The teachers of BC won a tremendous victory in the BC Supreme Court today, in a landmark decision that will have significant implications for classroom conditions across the province and for the current round of collective bargaining for 41,000 BC public school teachers.
Madame Justice Susan Griffin has ruled that Bills 27 and 28 are unconstitutional because they violate teachers’ rights to freedom of association under Section 2 (d) of the Charter of Rights and Freedoms.
The bills stripped teachers’ collective agreements of class size limits and guarantees of support for students with special needs, with disastrous consequences for teaching and learning conditions in classrooms across the province.
BCTF President Susan Lambert said the significance of the win cannot be overstated. “Teachers once again have full and free collective bargaining rights and our collective agreements must be honoured,” she said. “Over the past decade, we have put tremendous effort and determination into the struggle to reassert our rights and regain the kind of teaching and learning conditions in our classrooms that we know students need and deserve, and today all those efforts are vindicated.”
Lambert said because of the offending legislation the government was able to underfund education and limit teachers’ ability to insist upon adequate resources. “Children who were in Kindergarten when these bills were imposed are now in Grade 10. Almost their entire school careers have been in a time when their teachers had to fight for the classroom conditions and learning resources to meet their needs,” Lambert said.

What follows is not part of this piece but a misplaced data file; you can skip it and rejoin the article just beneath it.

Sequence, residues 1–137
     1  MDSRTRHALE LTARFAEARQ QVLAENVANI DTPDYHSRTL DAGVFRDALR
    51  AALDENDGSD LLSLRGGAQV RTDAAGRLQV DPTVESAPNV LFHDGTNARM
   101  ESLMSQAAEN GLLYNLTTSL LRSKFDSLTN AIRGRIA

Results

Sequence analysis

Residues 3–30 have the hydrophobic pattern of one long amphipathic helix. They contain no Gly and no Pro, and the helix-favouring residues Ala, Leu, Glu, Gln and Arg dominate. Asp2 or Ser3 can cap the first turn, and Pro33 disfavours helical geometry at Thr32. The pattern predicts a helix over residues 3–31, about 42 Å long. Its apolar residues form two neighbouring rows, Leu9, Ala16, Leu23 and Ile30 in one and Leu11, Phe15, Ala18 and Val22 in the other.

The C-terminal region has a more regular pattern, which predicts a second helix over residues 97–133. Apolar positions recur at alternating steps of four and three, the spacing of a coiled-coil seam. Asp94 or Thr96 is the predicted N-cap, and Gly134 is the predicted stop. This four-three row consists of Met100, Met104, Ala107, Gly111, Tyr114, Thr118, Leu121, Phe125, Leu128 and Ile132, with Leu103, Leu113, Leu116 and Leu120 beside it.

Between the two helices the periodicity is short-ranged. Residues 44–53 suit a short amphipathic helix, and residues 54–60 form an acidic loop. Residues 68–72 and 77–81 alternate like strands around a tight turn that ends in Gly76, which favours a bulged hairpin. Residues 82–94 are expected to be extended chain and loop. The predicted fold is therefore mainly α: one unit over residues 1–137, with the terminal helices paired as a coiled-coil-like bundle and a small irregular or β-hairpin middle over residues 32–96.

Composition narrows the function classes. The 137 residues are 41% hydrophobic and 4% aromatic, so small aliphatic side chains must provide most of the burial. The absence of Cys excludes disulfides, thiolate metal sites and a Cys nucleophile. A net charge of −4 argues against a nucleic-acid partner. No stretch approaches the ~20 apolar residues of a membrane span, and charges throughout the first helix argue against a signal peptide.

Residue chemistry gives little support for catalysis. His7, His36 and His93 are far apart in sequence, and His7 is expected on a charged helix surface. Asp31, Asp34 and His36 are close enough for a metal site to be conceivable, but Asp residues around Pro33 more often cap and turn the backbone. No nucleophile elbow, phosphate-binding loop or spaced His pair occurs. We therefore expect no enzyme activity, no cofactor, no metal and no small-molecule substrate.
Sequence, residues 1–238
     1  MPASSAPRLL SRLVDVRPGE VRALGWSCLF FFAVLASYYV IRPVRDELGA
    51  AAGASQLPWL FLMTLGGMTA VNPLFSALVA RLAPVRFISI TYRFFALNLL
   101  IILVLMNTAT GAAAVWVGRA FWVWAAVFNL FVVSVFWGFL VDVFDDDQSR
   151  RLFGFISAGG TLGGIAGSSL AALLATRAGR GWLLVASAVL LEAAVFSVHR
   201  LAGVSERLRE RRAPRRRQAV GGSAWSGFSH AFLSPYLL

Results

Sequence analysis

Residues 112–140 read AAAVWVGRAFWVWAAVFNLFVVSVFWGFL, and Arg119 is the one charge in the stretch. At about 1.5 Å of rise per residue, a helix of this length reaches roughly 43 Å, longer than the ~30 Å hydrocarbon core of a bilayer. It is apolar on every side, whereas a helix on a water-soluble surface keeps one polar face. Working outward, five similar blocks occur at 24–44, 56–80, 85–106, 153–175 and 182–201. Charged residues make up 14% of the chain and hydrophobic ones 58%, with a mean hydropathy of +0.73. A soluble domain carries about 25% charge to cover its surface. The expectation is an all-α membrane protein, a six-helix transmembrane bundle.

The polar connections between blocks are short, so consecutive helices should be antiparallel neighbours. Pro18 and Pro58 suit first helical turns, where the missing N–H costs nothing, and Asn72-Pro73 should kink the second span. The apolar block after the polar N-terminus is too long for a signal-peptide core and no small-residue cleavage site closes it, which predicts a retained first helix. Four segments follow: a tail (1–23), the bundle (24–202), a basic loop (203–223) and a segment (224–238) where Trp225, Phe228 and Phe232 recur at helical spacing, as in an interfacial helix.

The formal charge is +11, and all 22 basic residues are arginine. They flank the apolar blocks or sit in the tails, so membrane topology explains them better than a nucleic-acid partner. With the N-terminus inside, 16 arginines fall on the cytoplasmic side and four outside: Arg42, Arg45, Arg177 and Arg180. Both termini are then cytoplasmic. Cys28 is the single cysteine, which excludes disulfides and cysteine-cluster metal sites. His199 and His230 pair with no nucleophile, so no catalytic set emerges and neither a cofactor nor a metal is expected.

Bills 27 and 28 were rushed through the BC legislature over a weekend, sparking outraged teachers to walk off the job in a day of protest.
“I’ll never forget that weekend,” said Lambert. “It is vivid in my memory. The passage of these bills was devastating. They constituted a theft of 20 years of work and sacrifice of teachers to ensure adequate funding, smaller classes, and attention for kids with special needs. It was stolen by a government that violated our rights with impunity.”
Lambert noted that teachers used every tool possible to resist the legislation: political advocacy, costly and lengthy court proceedings, and even an appeal to the United Nations.
“The International Labour Organization found the government in violation of international law, but then-premier Campbell just shrugged off any obligation to bring BC back into compliance with international conventions we had signed,” Lambert recalled. “What does this tell you about our democracy under the BC Liberals?”
Lambert said the BCTF expects government to act promptly to rectify the situation.